1. A process for the removal of heavy, high molecular weight multi-ring aromatics, and/or resins, and/or polycyclic hetero atom(S,N,O)-containing aromatics from heavy hydrocarbon feed streams comprising petroleum resid, and/or bitumen, and/or shale oil, and/or heavy oils by contacting such heavy hydrocarbon feed streams with an ionic liquid which interacts with and in which the high molecular weight multi-ring aromatics, and/or resins and/or polycyclic hetero atom(S,N,O)-containing aromatics, are soluble, and separating said ionic liquid saturated with the heavy, high molecular weight multi-ring aromatics, and/or resins, and/or polycyclic hetero atom(S,N,O)-containing aromatics from the remainder of the heavy hydrocarbon feed stream;

wherein the ionic liquid is an organic salt wherein the cation is selected from
wherein R2 is C1-C10 hydrocarbyl, R3 is C1 to C 10 hydrocarbyl, Rx is H or C1 to C 12 hydrocarbyl, and n is the number of available carbons in the ring;
wherein R5s are the same or different and selected from hydrogen, C1-C10 alkyl, C1-C10 hydroxy alkyl, C6-C10 aryl, C7-C10 arylalkyl, C7-C10 alkyl aryl, and x, y and z are integers ranging from about 1 to 30;
and the anion is selected from
RCOO−,
or RPO3−2, wherein Rx and n are as previously defined.

2. The process of claim 1 wherein the ionic liquid has a melting point below about 150° C.

3. The process of claim 1 wherein the ionic liquid saturated with the heavy, high molecular weight multi-ring aromatics, and/or resins, and/or polycyclic hetero atom(S,N,O)-containing aromatic is recovered for reuse by contacting the saturated ionic liquid with a replacing polar solvent which is more polar than the heavy, high molecular weight multi-ring aromatics, and/or resins, and or polycyclic hetero atom(S,N,O)-containing aromatics, thereby displacing them from the ionic liquid, the ionic liquid now saturated with the replacing polar solvent being separated from the heavy, high molecular weight multi-ring aromatics, and/or resins, and/or polycyclic hetero atom(S,N,O)-containing aromatics, the separated ionic liquid being recovered by distillation to drive off the replacing polar solvent.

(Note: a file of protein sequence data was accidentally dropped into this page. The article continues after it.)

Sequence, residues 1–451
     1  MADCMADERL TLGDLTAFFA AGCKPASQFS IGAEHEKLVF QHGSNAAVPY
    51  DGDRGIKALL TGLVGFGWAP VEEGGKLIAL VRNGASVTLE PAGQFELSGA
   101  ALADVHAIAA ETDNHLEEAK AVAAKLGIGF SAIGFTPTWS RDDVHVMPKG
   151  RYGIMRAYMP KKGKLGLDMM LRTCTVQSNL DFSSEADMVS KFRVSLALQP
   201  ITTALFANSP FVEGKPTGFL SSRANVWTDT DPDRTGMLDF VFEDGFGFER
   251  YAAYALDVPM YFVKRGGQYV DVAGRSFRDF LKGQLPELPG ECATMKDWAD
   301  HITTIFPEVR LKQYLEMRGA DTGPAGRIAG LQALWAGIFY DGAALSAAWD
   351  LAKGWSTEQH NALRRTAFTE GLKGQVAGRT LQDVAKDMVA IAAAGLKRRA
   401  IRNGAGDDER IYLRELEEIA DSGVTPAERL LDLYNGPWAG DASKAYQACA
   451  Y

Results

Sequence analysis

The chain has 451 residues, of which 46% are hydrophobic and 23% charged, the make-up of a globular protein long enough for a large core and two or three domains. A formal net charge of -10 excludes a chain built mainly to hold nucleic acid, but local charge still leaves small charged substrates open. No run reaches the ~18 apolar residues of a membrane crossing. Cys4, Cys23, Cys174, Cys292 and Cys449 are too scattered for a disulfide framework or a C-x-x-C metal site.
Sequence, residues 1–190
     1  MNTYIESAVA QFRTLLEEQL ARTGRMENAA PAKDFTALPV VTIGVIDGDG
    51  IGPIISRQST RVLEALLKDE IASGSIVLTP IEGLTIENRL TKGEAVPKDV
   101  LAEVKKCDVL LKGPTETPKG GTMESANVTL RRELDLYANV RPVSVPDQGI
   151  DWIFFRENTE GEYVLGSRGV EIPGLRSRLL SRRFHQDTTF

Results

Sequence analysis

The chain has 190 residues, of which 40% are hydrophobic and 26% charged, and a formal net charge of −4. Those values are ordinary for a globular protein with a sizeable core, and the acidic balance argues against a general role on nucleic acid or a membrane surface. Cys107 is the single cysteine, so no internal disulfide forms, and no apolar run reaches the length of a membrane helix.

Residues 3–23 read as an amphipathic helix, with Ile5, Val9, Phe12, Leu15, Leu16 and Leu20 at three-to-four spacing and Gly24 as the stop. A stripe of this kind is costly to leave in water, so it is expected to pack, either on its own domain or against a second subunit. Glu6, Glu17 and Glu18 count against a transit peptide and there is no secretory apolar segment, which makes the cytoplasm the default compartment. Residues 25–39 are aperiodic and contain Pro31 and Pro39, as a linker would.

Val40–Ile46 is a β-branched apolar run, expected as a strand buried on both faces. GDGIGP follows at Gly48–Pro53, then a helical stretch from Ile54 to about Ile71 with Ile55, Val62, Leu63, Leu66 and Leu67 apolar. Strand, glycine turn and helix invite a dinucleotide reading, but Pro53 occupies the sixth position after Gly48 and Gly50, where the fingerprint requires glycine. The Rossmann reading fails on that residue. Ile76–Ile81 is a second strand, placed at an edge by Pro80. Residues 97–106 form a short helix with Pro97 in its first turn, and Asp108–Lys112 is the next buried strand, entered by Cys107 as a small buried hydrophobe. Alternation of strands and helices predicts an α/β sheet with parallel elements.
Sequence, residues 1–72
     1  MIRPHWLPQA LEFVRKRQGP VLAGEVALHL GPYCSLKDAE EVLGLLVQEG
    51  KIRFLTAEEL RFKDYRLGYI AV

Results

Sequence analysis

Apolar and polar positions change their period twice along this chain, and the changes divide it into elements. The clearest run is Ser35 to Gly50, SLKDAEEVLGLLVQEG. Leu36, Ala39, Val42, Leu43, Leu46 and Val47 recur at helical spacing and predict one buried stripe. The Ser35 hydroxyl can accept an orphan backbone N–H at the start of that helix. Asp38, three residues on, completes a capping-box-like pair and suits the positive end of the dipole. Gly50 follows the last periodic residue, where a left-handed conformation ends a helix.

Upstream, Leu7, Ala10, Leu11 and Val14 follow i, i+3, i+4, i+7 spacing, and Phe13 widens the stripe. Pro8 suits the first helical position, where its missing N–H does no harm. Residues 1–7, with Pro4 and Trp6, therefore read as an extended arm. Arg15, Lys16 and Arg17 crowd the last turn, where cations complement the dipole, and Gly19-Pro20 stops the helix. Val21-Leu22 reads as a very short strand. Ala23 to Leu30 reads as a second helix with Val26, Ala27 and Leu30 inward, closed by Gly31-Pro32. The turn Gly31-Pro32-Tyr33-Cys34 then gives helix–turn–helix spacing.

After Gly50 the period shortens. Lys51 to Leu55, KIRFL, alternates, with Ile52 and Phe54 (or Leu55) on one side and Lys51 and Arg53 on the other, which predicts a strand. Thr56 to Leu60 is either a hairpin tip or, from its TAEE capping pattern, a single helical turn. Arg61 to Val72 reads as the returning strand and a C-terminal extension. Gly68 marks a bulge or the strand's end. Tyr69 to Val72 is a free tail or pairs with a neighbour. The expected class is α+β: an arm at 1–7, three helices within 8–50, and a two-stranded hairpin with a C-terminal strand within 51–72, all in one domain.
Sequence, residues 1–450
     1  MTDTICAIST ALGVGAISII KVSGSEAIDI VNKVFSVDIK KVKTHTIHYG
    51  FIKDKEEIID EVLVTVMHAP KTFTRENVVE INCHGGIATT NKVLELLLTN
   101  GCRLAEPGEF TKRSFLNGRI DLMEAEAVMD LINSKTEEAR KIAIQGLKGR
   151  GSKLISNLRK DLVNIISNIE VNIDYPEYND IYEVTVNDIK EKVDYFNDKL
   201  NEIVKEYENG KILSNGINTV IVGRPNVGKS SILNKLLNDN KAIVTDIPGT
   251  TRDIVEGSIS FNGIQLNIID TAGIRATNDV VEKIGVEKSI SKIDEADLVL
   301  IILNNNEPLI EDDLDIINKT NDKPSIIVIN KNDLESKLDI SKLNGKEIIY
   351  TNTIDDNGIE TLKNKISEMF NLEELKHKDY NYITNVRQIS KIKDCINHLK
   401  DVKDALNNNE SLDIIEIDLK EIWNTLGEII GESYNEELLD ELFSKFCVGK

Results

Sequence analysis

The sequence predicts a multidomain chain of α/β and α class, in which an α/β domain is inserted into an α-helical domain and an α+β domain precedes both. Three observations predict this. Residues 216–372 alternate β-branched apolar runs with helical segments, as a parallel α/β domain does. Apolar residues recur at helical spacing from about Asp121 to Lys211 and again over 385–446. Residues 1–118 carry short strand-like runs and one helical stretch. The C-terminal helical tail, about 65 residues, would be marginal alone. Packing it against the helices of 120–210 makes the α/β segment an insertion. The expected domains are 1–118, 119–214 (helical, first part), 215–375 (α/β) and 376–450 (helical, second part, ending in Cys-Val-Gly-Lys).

4. The process of claim 1 wherein the separated saturated ionic liquid is recovered by distillation under vacuum at a temperature below the decomposition temperature of the ionic liquid, the ionic liquid being recovered as overhead.

5. The process of claim 1 wherein the ionic liquid and the heavy hydrocarbon feed stream are contacted in the liquid state at a temperature in the range of about 60 to 225° C.

6. The process of claim 1 wherein the ionic liquid and the heavy hydrocarbon feed stream are contacted in the presence of an aromatic diluent.

7. The process of claim 1 wherein the ionic liquid is not in the form of an aqueous solution.

8. The process of claim 1 wherein the heavy hydrocarbon feed stream and the ionic liquid are mixed in an about 1:1 volume ratio.

9. The process of claim 1 wherein the heavy hydrocarbon feed stream and the ionic liquid are mixed in a ratio of about 5:1 to 1:1 on a volume basis.

Referenced Cited
U.S. Patent Documents
5948242 September 7, 1999 Ohsol et al.
20030085156 May 8, 2003 Schoonover
20040045874 March 11, 2004 Olivier-Bourbigou et al.
20060070919 April 6, 2006 Vallee et al.
Other references
  • Liu, Y. et al., “Ionic Liquids: Novel Solvents for Petroleum Asphaltenes”, Chinese J. Eng., (2005), pp. 564-567, vol. 13.
Patent History
Patent number: 8734639
Type: Grant
Filed: Apr 1, 2008
Date of Patent: May 27, 2014
Patent Publication Number: 20080245705
Assignee: ExxonMobil Research and Engineering Company (Annandale, NJ)
Inventors: Michael Siskin (Randolph, NJ), Manuel A. Francisco (Phillipsburg, NJ), Rustom M. Billimoria (Hellertown, PA)
Primary Examiner: Prem C Singh
Assistant Examiner: Michelle Stein
Application Number: 12/080,179